KATSH: I think law has been -- I think law has been outside of the courtroom for -- ever since alternative dispute resolution, mediation and arbitration became the preferred ways of settling disputes. As you noted at the top of the show, very, very few disputes actually end up in court. So the court is a symbol, but the reality is that most disputes get settled out of court anyway. And the more opportunities we can present to people for fair settlement, the better off we are.

COSSACK: What I guess I'm suggesting to you is is that the symbol of the courthouse, as being the place where justice is done is...

VAN SUSTEREN; I don't think a lot of people necessarily feel that they get justice in the courtroom. A lot of people would prefer not to roll the dice with a jury, would like the certainty of settling.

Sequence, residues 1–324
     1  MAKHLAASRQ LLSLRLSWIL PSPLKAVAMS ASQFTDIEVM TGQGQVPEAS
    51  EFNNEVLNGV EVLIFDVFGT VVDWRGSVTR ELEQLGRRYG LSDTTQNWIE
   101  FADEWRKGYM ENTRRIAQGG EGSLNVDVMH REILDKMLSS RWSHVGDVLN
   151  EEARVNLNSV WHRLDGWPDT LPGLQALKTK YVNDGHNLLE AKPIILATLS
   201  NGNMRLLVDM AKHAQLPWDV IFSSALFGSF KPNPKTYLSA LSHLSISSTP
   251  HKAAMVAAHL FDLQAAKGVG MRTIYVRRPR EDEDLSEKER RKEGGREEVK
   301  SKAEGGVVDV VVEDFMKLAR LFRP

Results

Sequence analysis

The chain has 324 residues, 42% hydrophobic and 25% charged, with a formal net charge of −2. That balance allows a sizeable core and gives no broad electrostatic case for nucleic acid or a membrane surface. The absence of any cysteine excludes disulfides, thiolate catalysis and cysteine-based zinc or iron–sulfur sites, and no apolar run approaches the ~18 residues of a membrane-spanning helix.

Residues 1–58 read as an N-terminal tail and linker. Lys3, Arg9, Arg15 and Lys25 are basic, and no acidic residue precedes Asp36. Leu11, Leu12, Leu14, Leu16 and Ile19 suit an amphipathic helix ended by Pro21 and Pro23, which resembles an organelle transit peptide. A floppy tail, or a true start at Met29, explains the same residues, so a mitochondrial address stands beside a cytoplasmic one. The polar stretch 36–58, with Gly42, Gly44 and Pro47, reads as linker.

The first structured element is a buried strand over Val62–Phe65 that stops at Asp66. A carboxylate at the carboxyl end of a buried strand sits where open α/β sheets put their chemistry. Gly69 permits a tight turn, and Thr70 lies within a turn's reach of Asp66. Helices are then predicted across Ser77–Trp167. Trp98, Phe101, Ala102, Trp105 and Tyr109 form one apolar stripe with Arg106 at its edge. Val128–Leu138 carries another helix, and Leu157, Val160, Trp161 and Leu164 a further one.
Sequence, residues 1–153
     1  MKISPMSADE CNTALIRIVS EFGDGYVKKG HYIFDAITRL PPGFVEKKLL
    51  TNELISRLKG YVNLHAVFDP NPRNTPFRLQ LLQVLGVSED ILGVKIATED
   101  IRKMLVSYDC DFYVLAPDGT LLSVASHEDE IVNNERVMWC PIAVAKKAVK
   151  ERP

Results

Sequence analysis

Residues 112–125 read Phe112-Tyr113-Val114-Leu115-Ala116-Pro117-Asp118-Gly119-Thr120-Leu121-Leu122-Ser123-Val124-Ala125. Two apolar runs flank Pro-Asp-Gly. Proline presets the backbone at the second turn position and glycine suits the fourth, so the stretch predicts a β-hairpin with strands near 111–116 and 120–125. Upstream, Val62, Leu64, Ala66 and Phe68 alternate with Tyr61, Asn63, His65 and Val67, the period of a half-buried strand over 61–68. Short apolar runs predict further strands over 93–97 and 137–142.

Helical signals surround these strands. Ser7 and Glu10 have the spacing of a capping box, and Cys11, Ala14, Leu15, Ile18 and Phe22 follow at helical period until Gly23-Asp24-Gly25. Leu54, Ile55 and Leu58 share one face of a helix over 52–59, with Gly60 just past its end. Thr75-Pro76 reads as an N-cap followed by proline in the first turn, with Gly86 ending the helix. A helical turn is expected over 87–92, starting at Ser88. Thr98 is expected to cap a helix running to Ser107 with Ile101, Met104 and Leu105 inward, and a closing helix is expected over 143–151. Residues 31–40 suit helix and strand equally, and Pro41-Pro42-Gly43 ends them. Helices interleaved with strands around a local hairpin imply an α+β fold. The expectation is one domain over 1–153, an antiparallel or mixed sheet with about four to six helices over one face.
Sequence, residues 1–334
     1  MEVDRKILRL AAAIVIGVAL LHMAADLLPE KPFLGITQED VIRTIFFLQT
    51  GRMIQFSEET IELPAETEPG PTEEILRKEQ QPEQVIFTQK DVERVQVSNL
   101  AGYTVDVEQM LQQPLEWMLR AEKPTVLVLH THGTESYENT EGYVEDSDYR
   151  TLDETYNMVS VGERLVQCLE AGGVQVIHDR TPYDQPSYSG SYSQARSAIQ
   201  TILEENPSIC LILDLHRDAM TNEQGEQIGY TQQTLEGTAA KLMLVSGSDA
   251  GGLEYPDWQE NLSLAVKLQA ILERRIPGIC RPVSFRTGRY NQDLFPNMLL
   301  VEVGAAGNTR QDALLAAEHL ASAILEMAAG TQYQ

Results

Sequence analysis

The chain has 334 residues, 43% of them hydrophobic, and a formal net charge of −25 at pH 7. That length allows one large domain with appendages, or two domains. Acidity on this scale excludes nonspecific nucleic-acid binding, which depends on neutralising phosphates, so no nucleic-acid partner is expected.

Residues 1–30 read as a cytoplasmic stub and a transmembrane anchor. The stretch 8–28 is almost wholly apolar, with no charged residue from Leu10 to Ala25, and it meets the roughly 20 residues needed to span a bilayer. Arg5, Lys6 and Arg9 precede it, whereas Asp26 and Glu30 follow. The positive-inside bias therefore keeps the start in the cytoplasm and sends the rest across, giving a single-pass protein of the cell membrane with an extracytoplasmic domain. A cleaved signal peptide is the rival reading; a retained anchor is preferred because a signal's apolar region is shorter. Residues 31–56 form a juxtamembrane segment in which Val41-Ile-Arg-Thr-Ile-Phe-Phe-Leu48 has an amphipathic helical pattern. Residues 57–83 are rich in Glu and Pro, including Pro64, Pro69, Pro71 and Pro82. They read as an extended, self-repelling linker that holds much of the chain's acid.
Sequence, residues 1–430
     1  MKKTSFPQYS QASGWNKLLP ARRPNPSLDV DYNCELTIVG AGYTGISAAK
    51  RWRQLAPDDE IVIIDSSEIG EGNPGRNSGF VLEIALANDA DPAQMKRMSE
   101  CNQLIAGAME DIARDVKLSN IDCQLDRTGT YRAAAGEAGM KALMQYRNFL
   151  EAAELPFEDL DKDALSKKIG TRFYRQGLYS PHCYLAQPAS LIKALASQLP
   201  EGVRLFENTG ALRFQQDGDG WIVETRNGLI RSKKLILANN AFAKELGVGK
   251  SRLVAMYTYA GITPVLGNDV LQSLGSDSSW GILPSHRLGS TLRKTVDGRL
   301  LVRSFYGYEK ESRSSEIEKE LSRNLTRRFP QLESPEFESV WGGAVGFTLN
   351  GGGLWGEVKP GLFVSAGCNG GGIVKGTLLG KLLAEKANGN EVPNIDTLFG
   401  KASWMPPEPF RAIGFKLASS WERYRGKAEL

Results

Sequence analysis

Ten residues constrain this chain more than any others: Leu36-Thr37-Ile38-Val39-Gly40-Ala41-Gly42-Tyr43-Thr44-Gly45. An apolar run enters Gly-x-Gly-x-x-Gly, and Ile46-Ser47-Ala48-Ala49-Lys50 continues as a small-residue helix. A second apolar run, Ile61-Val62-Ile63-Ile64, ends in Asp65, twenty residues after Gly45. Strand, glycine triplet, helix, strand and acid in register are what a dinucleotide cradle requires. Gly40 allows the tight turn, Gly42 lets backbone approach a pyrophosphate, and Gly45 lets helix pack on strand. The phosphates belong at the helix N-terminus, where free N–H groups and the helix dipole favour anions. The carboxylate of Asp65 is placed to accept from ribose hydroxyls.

COSSACK: I know, but what I am suggesting is, we are taking the judge out of the proceedings. And I am just saying, as a symbol, are we doing -- are we hurting ourselves by taking the symbol of the judge out of the proceeding?

VAN SUSTEREN: Roger, we've had that forever, taking the judge -- the judge is the place of last resort, the jury is the place of last resort. If two people who have a dispute can resolve it without getting lawyers, that is terrific; if they get lawyers, and the lawyers then resolve it, that is a little bit better. It is when you go all the way through the court system, it is a tremendous burden on the system, and you are rolling the dice both ways. So it has been outside, it is just that this clickNsettle speeds it up, if we could just make sure that we don't, in any way, you know, neglect someone.

KATSH: We are always going to have physically-based courthouses in the center of town that people can look at, and they can wonder about what is going on inside. We are not going to demolish any court buildings.